#simd #bits #hamming #parallel #swar

swar

Perform operations in parallel on bit subslices in unsigned numbers

8 unstable releases (3 breaking)

✓ Uses Rust 2018 edition

0.4.0 Apr 26, 2019
0.3.1 Apr 23, 2019
0.2.2 Apr 19, 2019
0.1.1 Apr 14, 2019

#35 in Hardware support

Download history 57/week @ 2019-04-12 31/week @ 2019-04-19 28/week @ 2019-04-26 16/week @ 2019-05-03 12/week @ 2019-05-10 28/week @ 2019-05-17

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Used in 1 crate

MIT license

61KB
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swar

SIMD Within a Register routine support crate

See https://en.wikipedia.org/wiki/SWAR for more information.

Also check the documentation to see actual code examples.

Note that this crate will be completely refactored after const generics lands in nightly. Future versions of this crate will then depend on nightly until const generics is stable.

This crate attempts to collect SIMD Within a Register (SWAR) routines and present them in a type-safe manner so that the programmer can't make a mistake with the layout of the number. A SWAR routine takes advantage of the fact that some operations can be computed in parallel in a single register without any SIMD extentions to the host processor at all. For instance, one common use of SWAR is in the rust count_ones instruction for targets without a dedicated popcnt instruction.

It is possible to mask every other bit in the number:

X = ABCD & 1010 = A0C0 Y = ABCD & 0101 = 0B0D

We can then shift the number by 1 and sum the bits:

S1 = (X >> 1) + Y = EEFF

The EE and FF noted above are now the hamming weights of the corresponding 2 bits 00, 01, or 10.

We can now add these together as well:

S2 = ((S1 & 1100) >> 2) + (S1 & 0011) = 0GGG

Now the three bits GGG can vary in the range 0..=4 because the sum of bits (hamming weight) can be as large as four.

This pattern can continue and you can compute the hamming weight/count_ones/popcnt for N bits in O(log2(N)) time.

It is also important to be able to compute the hamming distance between two binary feature vectors. We can represent a binary feature vector compactly in memory by assigning each bit to be a feature. Then, to compute the hamming distance, one only needs to use the XOR operation. Since XOR sets each bit which was different in the original input registers, the output register has the bits set which were different between them. Now, this output can have its hamming weight calculated, and this computes the hamming distance!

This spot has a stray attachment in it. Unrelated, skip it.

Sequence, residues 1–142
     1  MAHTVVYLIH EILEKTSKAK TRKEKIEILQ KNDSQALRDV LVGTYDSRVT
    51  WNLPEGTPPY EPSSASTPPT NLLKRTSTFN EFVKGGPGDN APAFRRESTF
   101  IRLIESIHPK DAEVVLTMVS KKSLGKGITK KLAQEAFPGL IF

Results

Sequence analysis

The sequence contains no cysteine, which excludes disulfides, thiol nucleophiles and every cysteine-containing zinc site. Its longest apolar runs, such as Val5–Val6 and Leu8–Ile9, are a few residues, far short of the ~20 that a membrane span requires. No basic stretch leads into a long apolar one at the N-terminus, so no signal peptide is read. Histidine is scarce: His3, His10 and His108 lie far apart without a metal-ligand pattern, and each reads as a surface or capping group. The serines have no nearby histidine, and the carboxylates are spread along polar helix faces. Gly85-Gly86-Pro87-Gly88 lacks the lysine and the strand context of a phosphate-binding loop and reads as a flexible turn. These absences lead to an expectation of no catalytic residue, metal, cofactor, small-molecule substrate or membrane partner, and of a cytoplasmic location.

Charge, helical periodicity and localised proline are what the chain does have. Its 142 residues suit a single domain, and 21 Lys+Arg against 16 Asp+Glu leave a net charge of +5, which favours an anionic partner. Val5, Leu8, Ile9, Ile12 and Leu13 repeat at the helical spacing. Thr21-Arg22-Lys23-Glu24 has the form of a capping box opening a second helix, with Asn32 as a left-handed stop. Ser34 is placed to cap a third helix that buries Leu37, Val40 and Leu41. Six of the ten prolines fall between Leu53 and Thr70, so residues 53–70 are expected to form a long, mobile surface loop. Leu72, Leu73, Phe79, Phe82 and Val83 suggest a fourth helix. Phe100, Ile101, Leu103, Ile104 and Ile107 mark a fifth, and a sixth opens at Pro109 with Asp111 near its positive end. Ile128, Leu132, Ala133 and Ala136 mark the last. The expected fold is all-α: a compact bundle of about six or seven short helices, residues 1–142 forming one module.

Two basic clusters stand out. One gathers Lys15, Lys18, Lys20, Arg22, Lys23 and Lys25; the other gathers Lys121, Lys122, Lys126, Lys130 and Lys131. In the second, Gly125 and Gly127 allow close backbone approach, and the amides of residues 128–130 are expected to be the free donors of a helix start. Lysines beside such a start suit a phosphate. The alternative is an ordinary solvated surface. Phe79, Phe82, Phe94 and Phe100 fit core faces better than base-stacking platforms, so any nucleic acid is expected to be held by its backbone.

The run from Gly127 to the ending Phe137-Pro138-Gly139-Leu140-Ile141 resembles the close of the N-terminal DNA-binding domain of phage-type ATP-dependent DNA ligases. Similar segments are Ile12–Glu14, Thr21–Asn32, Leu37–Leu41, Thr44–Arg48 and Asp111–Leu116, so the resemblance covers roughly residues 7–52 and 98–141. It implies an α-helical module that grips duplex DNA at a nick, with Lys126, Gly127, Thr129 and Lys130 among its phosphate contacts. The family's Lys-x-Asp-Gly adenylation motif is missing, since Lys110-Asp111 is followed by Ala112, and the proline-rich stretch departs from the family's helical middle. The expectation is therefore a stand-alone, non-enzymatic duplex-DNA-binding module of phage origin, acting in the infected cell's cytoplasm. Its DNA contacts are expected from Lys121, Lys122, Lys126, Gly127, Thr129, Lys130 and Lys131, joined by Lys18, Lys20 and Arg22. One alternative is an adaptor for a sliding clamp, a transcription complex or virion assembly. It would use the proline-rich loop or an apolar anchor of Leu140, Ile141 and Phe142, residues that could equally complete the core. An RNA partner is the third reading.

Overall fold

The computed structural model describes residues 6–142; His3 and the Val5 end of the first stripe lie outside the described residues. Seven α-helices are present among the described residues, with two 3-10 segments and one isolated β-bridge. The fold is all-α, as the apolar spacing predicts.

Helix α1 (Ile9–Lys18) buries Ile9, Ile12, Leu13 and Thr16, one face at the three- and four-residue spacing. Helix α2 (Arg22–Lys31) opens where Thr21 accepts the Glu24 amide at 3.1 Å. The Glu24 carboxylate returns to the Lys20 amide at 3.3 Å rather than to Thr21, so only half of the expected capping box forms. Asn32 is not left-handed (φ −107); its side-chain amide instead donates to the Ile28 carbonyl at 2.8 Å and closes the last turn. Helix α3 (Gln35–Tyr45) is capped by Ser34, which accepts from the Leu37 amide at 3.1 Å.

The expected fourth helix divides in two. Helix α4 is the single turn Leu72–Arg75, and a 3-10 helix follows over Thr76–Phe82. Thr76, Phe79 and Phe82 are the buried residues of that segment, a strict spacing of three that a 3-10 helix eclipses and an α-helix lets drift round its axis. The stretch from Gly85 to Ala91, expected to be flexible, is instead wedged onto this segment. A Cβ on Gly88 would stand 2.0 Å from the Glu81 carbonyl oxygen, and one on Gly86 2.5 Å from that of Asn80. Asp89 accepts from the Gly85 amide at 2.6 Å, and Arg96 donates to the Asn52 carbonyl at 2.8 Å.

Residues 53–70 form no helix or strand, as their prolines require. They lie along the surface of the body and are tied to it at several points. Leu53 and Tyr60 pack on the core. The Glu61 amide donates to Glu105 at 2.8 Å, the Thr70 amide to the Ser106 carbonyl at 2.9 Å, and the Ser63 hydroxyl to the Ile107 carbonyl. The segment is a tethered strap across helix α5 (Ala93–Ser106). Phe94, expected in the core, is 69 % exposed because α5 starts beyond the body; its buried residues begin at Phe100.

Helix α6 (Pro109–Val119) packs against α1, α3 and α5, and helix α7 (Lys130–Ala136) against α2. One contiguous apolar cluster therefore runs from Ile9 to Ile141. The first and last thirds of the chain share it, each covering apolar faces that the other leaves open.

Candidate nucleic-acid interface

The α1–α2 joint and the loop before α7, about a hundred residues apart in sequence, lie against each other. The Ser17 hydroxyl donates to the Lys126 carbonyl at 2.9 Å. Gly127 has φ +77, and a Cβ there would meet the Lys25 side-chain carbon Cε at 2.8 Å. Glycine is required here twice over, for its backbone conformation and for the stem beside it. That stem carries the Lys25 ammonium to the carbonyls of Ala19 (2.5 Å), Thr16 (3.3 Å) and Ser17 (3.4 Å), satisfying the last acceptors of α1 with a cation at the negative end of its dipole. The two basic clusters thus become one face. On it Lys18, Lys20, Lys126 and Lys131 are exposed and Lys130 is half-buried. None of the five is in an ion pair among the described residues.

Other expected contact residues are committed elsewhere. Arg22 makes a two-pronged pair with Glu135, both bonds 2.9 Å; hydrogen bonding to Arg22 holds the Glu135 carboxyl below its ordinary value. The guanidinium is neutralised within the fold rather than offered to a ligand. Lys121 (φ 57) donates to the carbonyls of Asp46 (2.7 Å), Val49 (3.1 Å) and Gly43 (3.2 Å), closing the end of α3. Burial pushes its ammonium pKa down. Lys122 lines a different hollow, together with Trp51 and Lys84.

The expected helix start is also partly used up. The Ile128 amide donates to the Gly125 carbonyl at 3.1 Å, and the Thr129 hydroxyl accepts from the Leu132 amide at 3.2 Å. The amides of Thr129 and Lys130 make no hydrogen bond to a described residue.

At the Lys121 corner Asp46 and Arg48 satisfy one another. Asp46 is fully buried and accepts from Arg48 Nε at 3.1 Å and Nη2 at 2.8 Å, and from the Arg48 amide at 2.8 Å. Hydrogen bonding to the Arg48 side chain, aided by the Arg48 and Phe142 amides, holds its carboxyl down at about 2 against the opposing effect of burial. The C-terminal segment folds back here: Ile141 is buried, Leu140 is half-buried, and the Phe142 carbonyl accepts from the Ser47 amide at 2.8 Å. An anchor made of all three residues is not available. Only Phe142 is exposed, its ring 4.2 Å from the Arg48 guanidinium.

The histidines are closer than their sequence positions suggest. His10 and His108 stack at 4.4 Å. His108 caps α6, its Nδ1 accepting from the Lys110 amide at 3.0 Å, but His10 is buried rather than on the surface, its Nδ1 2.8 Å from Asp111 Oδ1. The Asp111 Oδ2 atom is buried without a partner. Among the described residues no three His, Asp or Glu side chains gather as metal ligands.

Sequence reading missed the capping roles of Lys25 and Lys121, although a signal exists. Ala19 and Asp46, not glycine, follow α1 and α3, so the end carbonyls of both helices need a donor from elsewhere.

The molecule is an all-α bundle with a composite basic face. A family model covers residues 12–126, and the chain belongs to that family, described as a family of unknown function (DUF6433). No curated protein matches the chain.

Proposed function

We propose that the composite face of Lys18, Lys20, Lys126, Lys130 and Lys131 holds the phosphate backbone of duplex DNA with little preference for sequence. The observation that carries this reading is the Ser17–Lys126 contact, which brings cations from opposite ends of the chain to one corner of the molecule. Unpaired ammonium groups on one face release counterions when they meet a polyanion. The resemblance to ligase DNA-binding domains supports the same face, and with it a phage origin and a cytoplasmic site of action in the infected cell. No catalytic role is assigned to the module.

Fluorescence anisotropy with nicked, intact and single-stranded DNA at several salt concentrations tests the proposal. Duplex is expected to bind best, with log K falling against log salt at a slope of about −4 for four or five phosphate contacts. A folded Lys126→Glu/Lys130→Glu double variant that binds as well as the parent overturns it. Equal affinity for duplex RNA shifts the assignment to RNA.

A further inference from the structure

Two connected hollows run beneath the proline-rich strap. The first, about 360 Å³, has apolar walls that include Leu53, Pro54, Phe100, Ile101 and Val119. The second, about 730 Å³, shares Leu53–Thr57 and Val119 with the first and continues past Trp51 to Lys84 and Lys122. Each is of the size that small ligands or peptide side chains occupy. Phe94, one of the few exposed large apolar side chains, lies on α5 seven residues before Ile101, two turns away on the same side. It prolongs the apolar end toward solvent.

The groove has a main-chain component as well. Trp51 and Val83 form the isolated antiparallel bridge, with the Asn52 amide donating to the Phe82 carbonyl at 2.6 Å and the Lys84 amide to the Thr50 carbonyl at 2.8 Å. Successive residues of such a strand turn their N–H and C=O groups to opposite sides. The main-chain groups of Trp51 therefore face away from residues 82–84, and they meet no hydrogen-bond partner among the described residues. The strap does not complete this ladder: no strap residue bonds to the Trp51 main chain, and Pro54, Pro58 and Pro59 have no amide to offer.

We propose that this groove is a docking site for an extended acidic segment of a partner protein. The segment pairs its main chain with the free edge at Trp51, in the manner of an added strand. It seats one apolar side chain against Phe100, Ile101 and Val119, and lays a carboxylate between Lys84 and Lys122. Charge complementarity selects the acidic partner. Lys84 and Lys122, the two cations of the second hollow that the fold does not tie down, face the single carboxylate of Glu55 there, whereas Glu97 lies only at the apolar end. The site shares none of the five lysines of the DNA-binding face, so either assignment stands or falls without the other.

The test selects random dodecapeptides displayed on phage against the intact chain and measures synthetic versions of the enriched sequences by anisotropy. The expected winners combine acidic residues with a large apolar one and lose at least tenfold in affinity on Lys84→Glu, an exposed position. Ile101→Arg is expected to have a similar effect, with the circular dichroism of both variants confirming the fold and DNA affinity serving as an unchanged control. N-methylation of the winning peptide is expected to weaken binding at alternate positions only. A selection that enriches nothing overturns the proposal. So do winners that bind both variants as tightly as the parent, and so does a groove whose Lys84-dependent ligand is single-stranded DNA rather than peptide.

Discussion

Due to modern systems pipelining, this can actually execute almost as fast as the native popcnt instruction in actual workloads, but huge disclaimers on that because the native instruction is definitely faster than the parallel bitcount solution on modern processors in simple benchmarks (see here) and the difference in routine size can also affect cache pressure, so don't forget to benchmark! Obviously, use popcnt if it is available! If it isn't, there is still a good fallback available. Also consider using one of the SIMD variants in the reference that use the parallel bitcount, but use SIMD to push it to compute on even more bits.

The main reason you might wish to use this version of parallel bit counting is if you actually need the intermediary bit counts! It turns out this is actually important for the implementation of the hwt crate, which is what inspired me to make this library.

We can also do other things in parallel. For instance, we can add in a register by adding single padding zeros to store the carry bits (adding two n bit numbers makes one n+1 bit number):

  • OUT = 0A0B + 0C0D
  • OUT & 0011 = B + D
  • OUT & 1100 = (A + C) << 2

We can subtract in a register by padding with 1 borrow bits:

  • OUT = 1A1B - 1C1D
  • OUT & 0011 = B - D + 10
  • OUT & 1100 = (A - C + 10) << 2

We can even multiply in parallel within a register:

  • OUT = 0AB000CD * 0EF000GH
  • OUT & 0000_0000_0000_1111 = CD * GH
  • OUT & 0000_0011_1110_0000 = (AB * GH + CD * EF) << 5
  • OUT & 0011_1100_0000_0000 = (AB * EF) << 10

Note that we actually get three outputs from this multiplication! Multiplication isn't significantly more efficient because we cannot pack the numbers very well, but it is possible in some scenarios.

I don't know if SWAR division is really possible using any methods I know, but please feel free to open an issue or PR if you have another SWAR algorithm for division!

Credits

The Stanford Bit Twiddling Hacks page by Sean Eron Anderson is the source of some and inspiration for other bit twiddling algorithms found in this code.

Dependencies

~578KB
~12K SLoC